While Republicans inside the Beltway continue to stumble and fumble their way to irrelevancy, Ohio Gov. John Kasich — and other conservative heartland governors — are quietly offering a blueprint for success: competence, consistency and actually creating jobs rather than just talking about it.
As Republicans look ahead to 2016, they worry most about the capacity of any party leader to navigate a base that is at odds with most Americans on gay rights, immigration and the broader demographic currents reshaping our politics.
There’s an emerging playbook for doing this, and it’s not based on a bunch of phony outreach or “caving” on the party’s principles. Kasich, who on Sunday is scheduled to sign a $2.7 billion tax cut, in addition to an earlier estate tax cut, is one of the chief architects and practitioners.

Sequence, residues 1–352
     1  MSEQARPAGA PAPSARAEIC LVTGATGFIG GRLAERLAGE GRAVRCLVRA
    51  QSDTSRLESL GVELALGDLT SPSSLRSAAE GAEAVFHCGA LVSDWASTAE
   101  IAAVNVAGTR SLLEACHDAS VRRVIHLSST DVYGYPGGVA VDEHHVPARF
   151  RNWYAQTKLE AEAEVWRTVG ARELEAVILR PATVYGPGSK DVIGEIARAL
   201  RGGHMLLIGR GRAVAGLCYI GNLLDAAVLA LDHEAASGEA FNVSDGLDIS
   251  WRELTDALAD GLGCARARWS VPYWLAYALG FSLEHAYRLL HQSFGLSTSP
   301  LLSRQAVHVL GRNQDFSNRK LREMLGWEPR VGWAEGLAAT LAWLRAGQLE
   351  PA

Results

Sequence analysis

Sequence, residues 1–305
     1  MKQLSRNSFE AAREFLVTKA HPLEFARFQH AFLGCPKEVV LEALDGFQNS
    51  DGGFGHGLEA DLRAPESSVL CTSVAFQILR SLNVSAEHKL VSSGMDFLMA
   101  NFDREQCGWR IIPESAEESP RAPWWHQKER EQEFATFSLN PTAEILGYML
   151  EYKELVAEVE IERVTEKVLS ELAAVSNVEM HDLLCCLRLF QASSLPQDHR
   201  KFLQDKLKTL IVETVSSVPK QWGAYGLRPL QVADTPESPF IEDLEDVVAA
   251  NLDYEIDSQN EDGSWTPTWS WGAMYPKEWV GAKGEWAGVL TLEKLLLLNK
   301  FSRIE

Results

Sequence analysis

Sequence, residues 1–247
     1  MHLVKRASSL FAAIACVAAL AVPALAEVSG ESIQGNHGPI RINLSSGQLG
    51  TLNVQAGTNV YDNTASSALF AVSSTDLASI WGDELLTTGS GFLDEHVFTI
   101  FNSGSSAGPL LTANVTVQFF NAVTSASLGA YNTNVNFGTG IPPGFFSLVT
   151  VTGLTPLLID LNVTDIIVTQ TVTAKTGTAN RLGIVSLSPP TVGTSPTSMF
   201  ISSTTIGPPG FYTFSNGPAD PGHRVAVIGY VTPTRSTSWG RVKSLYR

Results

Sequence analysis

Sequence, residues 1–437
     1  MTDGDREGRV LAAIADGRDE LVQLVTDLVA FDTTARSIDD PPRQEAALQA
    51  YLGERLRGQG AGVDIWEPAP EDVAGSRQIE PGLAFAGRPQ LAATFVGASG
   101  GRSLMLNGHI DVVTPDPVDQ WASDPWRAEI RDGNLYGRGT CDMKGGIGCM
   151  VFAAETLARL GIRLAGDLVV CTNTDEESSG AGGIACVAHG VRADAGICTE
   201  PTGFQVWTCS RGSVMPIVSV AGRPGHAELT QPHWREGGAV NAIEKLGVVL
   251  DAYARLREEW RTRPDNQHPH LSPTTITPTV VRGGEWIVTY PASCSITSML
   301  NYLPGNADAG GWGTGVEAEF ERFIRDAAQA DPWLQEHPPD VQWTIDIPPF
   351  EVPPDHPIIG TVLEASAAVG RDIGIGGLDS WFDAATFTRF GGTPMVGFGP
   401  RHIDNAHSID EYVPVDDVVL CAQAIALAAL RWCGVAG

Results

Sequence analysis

Kasich is replicating much of the approach that Mitch Daniels took as Indiana governor during two terms ending in January. It’s what Scott Walker forced on Wisconsin, and Mike Pence is now trying to do in the Hoosier State. The public backlash is intense initially, abates over time, and eventually gives way as job growth pushes other issues into the background, including the GOP’s dilemma with immigration and same-sex marriage.
This makes the governors of all three states essential to any conversation about the Republican ticket in 2016 — and any hope of a Republican revival before then. They don’t carry the baggage of Washington and its constant hot-headed fighting, and could plausibly swat away the most contentious issue by simply saying: “Look what I did in the state I ran."